The Value of Monitoring Clinical Decision Support Interventions
31 October 2017
08 January 2018
07 March 2018 (online)
Background Well-functioning clinical decision support (CDS) can facilitate provider workflow, improve patient care, promote better outcomes, and reduce costs. However, poorly functioning CDS may lead to alert fatigue, cause providers to ignore important CDS interventions, and increase provider dissatisfaction.
Objective The purpose of this article is to describe one institution's experience in implementing a program to create and maintain properly functioning CDS by systematically monitoring CDS firing rates and patterns.
Methods Four types of CDS monitoring activities were implemented as part of the CDS lifecycle. One type of monitoring occurs prior to releasing active CDS, while the other types occur at different points after CDS activation.
Results Two hundred and forty-eight CDS interventions were monitored over a 2-year period. The rate of detecting a malfunction or significant opportunity for improvement was 37% during preactivation and 18% during immediate postactivation monitoring. Monitoring also informed the process of responding to user feedback about alerts. Finally, an automated alert detection tool identified 128 instances of alert pattern change over the same period. A subset of cases was evaluated by knowledge engineers to identify true and false positives, the results of which were used to optimize the tool's pattern detection algorithms.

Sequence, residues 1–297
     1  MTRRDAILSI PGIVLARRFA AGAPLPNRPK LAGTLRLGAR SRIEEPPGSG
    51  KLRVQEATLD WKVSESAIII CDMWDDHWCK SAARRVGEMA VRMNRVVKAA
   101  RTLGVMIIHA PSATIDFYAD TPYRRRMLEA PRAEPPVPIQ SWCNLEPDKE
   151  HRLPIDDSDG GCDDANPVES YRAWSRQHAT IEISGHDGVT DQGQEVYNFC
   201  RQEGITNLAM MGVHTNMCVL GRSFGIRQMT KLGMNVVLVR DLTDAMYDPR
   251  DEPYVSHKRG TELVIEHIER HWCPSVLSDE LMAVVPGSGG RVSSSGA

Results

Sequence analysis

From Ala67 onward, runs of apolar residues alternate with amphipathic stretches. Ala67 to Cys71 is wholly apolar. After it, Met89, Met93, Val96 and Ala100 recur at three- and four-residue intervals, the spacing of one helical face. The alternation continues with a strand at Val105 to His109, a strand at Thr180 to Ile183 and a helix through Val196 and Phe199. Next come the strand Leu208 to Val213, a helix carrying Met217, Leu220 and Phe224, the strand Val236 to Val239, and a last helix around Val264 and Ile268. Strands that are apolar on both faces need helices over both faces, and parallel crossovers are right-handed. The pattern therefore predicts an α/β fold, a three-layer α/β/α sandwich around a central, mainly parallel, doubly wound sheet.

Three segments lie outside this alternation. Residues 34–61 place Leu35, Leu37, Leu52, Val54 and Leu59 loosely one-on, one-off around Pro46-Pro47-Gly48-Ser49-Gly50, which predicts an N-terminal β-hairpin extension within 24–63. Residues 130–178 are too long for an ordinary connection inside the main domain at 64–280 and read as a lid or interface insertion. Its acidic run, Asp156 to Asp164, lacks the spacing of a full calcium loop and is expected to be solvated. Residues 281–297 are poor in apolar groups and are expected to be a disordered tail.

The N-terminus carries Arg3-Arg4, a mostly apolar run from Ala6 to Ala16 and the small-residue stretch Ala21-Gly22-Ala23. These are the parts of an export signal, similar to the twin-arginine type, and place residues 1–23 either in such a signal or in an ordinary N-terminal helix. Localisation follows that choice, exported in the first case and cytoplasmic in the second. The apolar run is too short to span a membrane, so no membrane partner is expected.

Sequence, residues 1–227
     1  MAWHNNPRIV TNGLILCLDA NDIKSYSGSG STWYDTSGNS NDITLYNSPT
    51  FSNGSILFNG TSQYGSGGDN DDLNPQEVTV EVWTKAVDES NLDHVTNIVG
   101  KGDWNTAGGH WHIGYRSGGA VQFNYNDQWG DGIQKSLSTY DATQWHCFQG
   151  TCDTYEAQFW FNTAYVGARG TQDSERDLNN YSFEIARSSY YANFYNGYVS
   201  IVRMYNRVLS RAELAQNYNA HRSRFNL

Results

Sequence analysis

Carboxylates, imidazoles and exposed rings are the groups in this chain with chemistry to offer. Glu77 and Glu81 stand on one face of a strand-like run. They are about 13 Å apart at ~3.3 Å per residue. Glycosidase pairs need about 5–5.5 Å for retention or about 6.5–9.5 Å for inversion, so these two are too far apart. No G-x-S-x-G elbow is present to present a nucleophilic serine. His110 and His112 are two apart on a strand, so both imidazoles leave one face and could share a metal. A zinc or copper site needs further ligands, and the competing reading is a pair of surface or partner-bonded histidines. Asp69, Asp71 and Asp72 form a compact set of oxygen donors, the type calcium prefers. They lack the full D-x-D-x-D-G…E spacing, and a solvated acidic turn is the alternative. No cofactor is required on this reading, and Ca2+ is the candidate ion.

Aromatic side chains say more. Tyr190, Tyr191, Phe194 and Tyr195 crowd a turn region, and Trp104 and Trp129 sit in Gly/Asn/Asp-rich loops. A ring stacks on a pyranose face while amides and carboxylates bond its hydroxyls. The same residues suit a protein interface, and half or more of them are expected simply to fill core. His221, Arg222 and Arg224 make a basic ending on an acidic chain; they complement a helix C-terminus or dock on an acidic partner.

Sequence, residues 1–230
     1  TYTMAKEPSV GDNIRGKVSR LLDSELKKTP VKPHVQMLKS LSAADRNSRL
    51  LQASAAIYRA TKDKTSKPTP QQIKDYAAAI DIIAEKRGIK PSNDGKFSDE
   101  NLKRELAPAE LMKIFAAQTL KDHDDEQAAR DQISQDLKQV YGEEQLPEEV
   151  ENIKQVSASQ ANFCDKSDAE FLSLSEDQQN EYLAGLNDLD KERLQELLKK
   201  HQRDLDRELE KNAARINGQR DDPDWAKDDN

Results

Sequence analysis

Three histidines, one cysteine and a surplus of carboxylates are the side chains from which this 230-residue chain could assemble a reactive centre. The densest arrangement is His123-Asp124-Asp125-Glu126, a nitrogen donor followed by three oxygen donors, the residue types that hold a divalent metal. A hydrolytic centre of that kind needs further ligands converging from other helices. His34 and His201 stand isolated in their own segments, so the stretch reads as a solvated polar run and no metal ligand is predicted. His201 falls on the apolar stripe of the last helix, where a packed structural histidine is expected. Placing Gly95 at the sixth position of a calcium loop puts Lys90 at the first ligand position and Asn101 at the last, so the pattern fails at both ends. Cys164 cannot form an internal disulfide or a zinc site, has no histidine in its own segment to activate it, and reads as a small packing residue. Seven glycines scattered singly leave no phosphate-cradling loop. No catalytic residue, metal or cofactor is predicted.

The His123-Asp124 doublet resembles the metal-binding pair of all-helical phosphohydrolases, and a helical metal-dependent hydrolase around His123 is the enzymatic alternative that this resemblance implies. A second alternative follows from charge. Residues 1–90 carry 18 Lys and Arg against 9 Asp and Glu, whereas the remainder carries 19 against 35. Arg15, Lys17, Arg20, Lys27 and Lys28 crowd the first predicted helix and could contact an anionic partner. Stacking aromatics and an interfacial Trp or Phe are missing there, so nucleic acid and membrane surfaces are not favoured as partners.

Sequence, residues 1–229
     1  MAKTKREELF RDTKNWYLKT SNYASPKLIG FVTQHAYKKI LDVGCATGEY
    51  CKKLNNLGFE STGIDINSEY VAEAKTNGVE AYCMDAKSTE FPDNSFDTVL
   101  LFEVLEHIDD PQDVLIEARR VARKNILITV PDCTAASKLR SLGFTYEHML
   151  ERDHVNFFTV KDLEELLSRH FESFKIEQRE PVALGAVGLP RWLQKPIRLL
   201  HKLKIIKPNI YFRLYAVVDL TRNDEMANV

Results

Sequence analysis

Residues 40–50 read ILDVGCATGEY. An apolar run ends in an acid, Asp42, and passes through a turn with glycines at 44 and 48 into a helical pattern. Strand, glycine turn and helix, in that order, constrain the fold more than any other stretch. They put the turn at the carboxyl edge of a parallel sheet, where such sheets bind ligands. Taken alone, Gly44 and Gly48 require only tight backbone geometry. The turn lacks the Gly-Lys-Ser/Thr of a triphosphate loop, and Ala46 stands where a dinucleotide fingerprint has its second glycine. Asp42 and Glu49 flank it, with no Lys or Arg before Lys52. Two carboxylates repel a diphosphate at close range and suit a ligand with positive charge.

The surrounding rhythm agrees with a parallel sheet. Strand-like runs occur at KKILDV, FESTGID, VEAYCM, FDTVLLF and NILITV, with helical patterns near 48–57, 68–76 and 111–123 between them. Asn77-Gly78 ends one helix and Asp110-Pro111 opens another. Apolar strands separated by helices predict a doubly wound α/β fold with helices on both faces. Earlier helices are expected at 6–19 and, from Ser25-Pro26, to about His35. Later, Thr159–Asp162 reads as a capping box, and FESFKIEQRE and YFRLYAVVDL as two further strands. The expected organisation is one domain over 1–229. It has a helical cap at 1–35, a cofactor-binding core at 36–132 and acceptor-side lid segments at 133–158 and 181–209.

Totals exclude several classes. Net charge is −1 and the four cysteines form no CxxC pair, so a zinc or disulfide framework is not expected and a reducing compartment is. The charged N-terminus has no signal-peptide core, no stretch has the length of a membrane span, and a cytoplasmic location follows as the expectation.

Conclusion CDS monitoring can identify malfunctions and/or significant improvement opportunities even after careful design and robust testing. CDS monitoring provides information when responding to user feedback. Ongoing, continuous, and automated monitoring can detect malfunctions in real time, before users report problems. Therefore, CDS monitoring should be part of any systematic program of implementing and maintaining CDS.
Keywordsclinical decision support - CDS monitoring - automated pattern detection (from MeSH) - knowledge management - alert fatigue
All the authors were affiliated with Clinical Informatics, Partners HealthCare System Inc., Boston, Massachusetts, United States at the time of the study.
Protection of Human and Animal Subjects
Neither humans nor animal subjects were included in this project.
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